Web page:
MESA, Ariz. - Forget "Respect 90" or "Do simple better."
"Embrace the target" is the axiom for the 2016 Chicago Cubs.
Joe Maddon doesn't want the Cubs to ignore or deny all the talk of this team entering the 2016 season as the World Series favorites.
He wants the opposite, actually.
"I'm really a big believer of running towards the fire as opposed to away from it," Maddon said Friday as Cubs pitchers and catchers officially reported. "I really want our guys to get comfortable with the concept of everybody speaking so glowingly of us and embracing the target.
"The target's gotten bigger. We have to embrace the target and while you're doing that, understand what that means. That's what I'm going to do tomorrow with the guys and when the whole group gets in - apply a definition with that that they can wrap their minds around."
Maddon talks all the time about how baseball legends — whether it be former coaches or players — helped mold his coaching strategy, but "Embrace the Target" didn't come from anybody in real life.
Instead the inspiration came from Jack Ryan - the fictional character created by author Tom Clancy.
In "Clear and Present Danger," Ryan (played by Harrison Ford) convinces the president to "embrace the target" instead of running away from a possible scandal.
Maddon doesn't want the Cubs to pretend like their goal is not to win the World Series or top last year's result, when they were swept out of the National League Championship Series by the New York Mets.
After all, this is the same guy that took over an 89-loss Cubs team and talked realistically about playoffs at The Cubby Bear during his introductory press conference in November 2014.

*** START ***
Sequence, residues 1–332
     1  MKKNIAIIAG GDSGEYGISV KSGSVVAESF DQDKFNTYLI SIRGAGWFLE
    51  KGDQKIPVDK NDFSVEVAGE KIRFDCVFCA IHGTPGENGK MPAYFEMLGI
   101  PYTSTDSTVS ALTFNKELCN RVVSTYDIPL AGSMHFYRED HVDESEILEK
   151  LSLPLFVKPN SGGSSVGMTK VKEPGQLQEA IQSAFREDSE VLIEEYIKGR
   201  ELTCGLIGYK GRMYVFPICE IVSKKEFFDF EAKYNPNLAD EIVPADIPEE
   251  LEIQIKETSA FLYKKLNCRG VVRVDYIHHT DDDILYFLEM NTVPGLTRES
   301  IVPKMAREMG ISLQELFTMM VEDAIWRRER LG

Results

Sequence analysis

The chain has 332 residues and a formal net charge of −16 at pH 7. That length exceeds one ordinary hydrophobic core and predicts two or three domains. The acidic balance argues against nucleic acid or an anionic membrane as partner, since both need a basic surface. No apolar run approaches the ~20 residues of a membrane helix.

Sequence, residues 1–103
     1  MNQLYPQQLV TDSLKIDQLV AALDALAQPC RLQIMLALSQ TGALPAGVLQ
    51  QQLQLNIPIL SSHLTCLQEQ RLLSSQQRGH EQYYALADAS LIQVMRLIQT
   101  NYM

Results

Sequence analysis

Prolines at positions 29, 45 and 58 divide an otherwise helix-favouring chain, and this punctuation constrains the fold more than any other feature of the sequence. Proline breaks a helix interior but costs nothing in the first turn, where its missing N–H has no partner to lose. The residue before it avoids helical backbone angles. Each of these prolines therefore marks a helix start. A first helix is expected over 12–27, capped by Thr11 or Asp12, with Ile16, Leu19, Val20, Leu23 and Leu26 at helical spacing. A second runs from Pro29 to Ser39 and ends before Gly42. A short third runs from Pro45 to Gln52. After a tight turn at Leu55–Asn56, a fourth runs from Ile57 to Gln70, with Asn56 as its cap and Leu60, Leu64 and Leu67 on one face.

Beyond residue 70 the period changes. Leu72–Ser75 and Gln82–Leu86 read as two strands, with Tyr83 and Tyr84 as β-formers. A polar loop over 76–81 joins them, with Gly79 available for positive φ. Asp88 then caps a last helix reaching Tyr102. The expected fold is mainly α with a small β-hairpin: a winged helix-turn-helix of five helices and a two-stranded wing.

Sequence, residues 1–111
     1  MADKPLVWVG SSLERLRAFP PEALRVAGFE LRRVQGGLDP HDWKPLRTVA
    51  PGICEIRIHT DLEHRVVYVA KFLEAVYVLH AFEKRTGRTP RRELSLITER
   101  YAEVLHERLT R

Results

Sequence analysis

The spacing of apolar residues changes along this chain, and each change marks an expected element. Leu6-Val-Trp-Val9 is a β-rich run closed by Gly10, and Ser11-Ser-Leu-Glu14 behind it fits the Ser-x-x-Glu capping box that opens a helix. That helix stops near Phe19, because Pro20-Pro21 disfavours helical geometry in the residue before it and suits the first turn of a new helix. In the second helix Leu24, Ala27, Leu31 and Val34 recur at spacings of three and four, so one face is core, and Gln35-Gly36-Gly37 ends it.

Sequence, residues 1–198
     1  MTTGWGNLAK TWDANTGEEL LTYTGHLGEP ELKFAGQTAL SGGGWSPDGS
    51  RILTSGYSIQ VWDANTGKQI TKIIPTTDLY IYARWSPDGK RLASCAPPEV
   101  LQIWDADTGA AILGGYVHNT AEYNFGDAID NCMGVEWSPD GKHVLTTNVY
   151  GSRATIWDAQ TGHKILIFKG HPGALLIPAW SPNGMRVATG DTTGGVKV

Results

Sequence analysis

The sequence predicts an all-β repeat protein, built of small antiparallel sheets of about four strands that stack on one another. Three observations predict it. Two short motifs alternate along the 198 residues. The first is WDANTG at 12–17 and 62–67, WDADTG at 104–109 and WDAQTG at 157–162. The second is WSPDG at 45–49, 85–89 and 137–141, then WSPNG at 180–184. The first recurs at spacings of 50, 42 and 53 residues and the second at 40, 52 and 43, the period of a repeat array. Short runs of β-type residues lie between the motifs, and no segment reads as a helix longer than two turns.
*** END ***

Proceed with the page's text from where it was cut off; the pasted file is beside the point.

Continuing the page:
"I don't want us to become outcome-biased or outcome-based," Maddon said. "Yes, talk about playoffs. Yes, talk about winning the division. Yes, talk about playing the last game of the season and winning it. But you don't want to just get caught up in that thought.
"And 'Embrace the Target' - what does that mean? You talk about expectations and the word 'pressure' that are attached to it, which I believe are really positive words. So you take those concepts and those thoughts and what does that lead to?
"To me, that leads to really focusing on the day, focusing on the process of the day. And the process needs to be our anchor.
"... There's nothing to be upset about. People are saying really nice things about us. That's good. But at the end of the day, we have to take care of our own business and that is about utilizing the processes and the anchor on a daily basis."
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Maddon spends a major part of his day focused on getting his players right mentally, easing all that internal — and external — pressure.
That's where you see all those gimmicks, like zoo animals at Wrigley Field, a magician in the clubhouse, a super hero-themed road trip.
What does "The Mad Scientist" have in store to keep the Cubs loose in 2016?
"That's the real pressure," Maddon joked. "The other stuff is fabricated, but that's real pressure right there."